UMD alum John Steffl
New fund will support artists in crisis
Idea conceived by UMD alum and Duluth artist
By Cheryl Riana Reitan
Published on March 28, 2005
When Duluth artist John Steffl was diagnosed with life-threatening lymphoma, dozens of fellow artists and friends offered to help. Instead, Steffl asked his friends to set up a fund for other artists in crisis. Such generosity is typical of him, friends say.
While Steffl underwent seven months of chemotherapy, often facing death, his friends and supporters went to work on the fund. This month, two heartening events occurred: Steffl's cancer is now in remission, and the Artists' Relief Trust (ART) Fund has been born.
The ART Fund will provide emergency help for artists in all media in Minnesota's Arrowhead Region. Financial assistance will support those in crisis from illness as well as other catastrophes.
"When I think of the future of the arts, it brings me solace that there will be this fund," says Steffl. "It's an important part of the arts community.""It is an unfortunate event [with] a fortunate outcome," says Peter Spooner, a board member for the new fund. "John was suddenly diagnosed with cancer just at the time of a career transition. He was underinsured. His story is the story of other artists who have no safety net."
Spooner curates the Tweed Museum of Art at the University of Minnesota, Duluth (UMD), where Steffl received his master's degree in art in 1984. The Tweed collection includes some of Steffl's early ceramic work, and he gave an artist's lecture there for students last year.
"For decades, John worked behind the scenes to advocate for the arts as a whole," says Spooner. "He brought quality work by new and mature artists into the spotlight. That effort had an impact on the community and the Tweed."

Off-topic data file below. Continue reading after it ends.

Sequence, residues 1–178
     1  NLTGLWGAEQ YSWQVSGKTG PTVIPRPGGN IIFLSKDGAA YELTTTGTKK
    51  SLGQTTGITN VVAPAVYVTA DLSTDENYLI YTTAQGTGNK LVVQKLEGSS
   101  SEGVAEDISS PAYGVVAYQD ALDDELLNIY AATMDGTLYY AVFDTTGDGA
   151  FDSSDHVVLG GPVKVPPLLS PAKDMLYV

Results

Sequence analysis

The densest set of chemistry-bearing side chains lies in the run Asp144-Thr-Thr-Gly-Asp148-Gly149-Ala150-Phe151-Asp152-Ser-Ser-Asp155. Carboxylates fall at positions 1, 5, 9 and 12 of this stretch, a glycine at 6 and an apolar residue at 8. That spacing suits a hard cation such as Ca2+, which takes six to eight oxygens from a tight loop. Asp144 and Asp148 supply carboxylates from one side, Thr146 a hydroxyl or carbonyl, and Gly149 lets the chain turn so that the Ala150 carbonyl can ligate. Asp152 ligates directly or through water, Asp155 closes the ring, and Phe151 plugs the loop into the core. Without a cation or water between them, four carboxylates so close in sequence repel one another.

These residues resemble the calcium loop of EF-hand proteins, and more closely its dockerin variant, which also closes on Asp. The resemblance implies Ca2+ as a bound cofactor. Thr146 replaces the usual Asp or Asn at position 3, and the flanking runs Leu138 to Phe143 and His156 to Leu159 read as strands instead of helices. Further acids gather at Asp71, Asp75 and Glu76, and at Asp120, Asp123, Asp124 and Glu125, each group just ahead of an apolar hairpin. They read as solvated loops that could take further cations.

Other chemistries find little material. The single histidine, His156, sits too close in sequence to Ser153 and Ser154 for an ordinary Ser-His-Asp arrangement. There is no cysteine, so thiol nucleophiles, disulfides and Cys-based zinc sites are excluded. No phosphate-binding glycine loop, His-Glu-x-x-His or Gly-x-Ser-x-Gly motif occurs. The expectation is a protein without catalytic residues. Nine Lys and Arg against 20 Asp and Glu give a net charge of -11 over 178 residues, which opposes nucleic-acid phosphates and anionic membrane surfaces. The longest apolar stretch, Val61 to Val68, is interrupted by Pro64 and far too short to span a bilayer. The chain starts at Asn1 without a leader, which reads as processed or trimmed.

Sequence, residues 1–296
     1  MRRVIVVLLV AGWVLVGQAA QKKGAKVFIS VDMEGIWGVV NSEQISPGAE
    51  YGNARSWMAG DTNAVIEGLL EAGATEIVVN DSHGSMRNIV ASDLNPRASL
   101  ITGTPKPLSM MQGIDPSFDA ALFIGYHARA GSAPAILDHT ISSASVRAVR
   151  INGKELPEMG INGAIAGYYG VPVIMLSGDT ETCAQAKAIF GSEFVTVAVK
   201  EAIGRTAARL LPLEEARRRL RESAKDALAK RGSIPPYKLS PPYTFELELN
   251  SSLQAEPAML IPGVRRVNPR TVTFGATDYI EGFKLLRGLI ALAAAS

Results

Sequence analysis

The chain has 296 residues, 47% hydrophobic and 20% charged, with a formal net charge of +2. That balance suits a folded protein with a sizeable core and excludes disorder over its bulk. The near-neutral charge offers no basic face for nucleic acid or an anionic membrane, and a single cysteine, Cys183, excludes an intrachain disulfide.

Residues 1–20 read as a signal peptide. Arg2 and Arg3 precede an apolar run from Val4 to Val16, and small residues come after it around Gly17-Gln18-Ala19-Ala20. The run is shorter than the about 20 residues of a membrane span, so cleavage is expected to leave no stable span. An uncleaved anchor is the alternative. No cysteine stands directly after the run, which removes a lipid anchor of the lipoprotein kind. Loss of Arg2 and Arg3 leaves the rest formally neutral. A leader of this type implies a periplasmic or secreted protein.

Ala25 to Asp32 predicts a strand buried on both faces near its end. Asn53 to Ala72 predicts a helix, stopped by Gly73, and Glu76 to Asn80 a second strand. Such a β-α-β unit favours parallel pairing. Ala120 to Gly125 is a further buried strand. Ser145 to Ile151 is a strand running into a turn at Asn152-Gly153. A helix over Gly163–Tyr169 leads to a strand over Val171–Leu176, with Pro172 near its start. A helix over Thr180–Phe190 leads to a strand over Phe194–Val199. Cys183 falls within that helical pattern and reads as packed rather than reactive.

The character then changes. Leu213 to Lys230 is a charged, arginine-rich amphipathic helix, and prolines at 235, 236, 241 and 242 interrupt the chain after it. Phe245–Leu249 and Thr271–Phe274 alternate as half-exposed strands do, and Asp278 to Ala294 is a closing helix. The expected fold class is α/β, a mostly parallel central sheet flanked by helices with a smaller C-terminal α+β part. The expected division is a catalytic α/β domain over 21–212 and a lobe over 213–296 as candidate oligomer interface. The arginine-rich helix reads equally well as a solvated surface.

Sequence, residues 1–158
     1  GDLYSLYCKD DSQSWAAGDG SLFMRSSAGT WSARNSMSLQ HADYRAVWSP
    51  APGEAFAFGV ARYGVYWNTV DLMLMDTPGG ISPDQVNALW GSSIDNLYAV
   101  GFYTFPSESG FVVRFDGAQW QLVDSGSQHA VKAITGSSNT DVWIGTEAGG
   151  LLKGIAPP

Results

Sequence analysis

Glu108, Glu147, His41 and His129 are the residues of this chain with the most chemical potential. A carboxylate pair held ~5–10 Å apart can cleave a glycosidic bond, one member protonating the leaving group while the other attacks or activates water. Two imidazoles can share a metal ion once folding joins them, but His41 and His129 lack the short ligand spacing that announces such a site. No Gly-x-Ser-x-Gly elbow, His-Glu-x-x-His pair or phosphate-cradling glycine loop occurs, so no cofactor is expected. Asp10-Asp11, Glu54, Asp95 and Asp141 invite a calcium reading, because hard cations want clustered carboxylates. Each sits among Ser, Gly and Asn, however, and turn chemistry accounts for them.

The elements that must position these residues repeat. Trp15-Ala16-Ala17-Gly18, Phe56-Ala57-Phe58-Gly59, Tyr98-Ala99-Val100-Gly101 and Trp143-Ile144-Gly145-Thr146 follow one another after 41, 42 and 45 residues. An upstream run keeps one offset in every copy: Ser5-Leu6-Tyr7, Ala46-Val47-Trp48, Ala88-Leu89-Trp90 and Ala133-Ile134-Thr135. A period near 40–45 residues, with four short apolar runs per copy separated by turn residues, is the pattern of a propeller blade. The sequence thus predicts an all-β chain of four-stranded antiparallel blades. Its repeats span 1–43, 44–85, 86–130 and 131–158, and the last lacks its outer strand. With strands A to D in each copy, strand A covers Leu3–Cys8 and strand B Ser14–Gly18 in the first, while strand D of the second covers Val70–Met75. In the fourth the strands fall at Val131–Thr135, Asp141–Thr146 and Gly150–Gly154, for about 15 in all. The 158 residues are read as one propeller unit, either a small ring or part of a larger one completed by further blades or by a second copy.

Steffl believes the fund is important to the area's future.
"When a person believes they are dying, it's amazing how often they think of the future," he says. "When I think of the future of the arts, it brings me solace that there will be this fund. It's an important part of the arts community."
Several Duluth-area art spaces held an exhibition to benefit the fund during the month of March. When it opened at the North Shore Bank of Commerce (NSBC) on March 5, Steffl was there. His contact with friends and family had been limited in order to avoid contracting other illnesses, so coming out for the opening was a delight.
"It was profoundly moving to hear the feelings of love, concern, and care expressed for me," Steffl says. "More than that, the exceptional quality of work bowled me over. The variety of work brought tears to my eyes."
In addition to NSBC, exhibitors for the benefit included the Duluth Art Institute (where Steffl formerly served as artistic director), Lizzard's Art Gallery, North End Arts Center, Northern Prints Gallery, Sivertson Gallery, and Waters of Superior. All participating exhibitors featured donated works for sale, with the entire cost of each piece going directly to the relief fund. NSBC will continue to support the ART Fund through permanent wall space in its main lobby.
For more information about the ART Fund, contact the Arrowhead Regional Arts Council, 1301 Rice Lake Road, Duluth, MN 55811 or ARACouncil@aol.com.